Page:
Investing isn't easy. Even Warren Buffett counsels that most investors should invest in a low-cost index like the S&P 500. That way, "you'll be buying into a wonderful industry, which in effect is all of American industry," he says.

But there are, of course, companies whose long-term fortunes differ substantially from the index. In this series, we look at how individual stocks have performed against the broad S&P 500. 

Step on up, Ingersoll-Rand (NYSE: IR).  

Ingersoll-Rand shares have slightly outperformed the S&P 500 over the past quarter-century:

Ir

Source: S&P Capital IQ.

Since 1987, shares have returned an average of 10% a year, compared with 9.7% a year for the S&P (both include dividends). Even that difference adds up. One thousand dollars invested in the S&P in 1987 would be worth $19,200 today. In Ingersoll-Rand, it'd be worth $21,000.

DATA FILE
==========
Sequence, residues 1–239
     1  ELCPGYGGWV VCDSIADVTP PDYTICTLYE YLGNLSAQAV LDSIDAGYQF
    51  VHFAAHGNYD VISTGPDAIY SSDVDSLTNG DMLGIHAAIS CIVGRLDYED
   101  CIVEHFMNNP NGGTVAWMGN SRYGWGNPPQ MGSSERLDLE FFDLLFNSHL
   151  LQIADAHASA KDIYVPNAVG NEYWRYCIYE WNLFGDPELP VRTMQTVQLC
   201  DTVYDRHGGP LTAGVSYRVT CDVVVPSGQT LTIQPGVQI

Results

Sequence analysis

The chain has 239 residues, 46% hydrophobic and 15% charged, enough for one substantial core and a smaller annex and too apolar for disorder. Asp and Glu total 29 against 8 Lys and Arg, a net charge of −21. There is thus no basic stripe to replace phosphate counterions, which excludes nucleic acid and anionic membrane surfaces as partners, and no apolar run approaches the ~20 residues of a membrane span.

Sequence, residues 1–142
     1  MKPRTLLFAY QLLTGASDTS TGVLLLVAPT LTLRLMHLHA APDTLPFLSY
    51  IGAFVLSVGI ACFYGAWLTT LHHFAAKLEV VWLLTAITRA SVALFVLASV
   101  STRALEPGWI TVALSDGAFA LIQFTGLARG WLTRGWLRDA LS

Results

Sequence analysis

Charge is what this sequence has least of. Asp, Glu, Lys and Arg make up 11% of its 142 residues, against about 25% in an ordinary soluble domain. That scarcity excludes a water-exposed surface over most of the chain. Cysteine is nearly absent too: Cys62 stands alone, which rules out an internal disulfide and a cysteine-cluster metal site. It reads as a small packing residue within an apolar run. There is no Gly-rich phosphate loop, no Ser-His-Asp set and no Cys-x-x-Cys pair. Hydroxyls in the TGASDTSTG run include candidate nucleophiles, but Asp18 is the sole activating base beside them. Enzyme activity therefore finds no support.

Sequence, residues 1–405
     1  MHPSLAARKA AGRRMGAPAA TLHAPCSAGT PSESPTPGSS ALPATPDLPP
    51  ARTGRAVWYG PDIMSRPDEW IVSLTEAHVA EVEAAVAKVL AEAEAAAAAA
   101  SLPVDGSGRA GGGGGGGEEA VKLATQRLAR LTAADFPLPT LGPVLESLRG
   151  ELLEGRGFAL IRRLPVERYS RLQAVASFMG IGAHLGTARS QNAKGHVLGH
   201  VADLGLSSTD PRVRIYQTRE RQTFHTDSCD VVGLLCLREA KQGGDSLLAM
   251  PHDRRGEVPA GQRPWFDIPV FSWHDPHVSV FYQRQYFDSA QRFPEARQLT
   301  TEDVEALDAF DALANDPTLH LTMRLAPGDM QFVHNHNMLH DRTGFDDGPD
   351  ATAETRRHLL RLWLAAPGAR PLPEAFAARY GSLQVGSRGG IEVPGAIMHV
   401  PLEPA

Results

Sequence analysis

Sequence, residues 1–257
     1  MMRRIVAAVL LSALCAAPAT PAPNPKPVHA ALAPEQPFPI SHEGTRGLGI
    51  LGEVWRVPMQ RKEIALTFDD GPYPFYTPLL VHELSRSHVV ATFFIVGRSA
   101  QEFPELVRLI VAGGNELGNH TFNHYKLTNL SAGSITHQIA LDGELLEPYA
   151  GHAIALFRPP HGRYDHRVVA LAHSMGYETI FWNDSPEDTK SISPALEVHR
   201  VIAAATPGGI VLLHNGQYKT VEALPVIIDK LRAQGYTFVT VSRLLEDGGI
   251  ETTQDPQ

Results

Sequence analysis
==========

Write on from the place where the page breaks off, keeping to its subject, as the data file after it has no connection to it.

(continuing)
Dividends accounted for a lot of those gains. Compounded since 1987, dividends have made up about 42% of Ingersoll-Rand's total returns. For the S&P, dividends account for 39% of total returns.

Now have a look at how Ingersoll-Rand earnings compare with S&P 500 earnings:

Ir

Source: S&P Capital IQ.

Pretty average here. Since 1995, Ingersoll-Rand earnings per share have increased by an average of 6.7% a year, compared with 6% a year for the broader index.

What's that meant for valuations? Ingersoll-Rand has traded for an average of 19 times earnings since 1987 -- below the 24 times earnings of the broader S&P 500.

Through it all, shares have been fairly mediocre performers over the past quarter-century.  

Of course, the important question is whether that will continue. That's where you come in. Our CAPS community currently ranks Ingersoll-Rand with a five-star rating (out of five). Care to disagree? Leave your thoughts in the comment section below, or add Ingersoll-Rand to My Watchlist.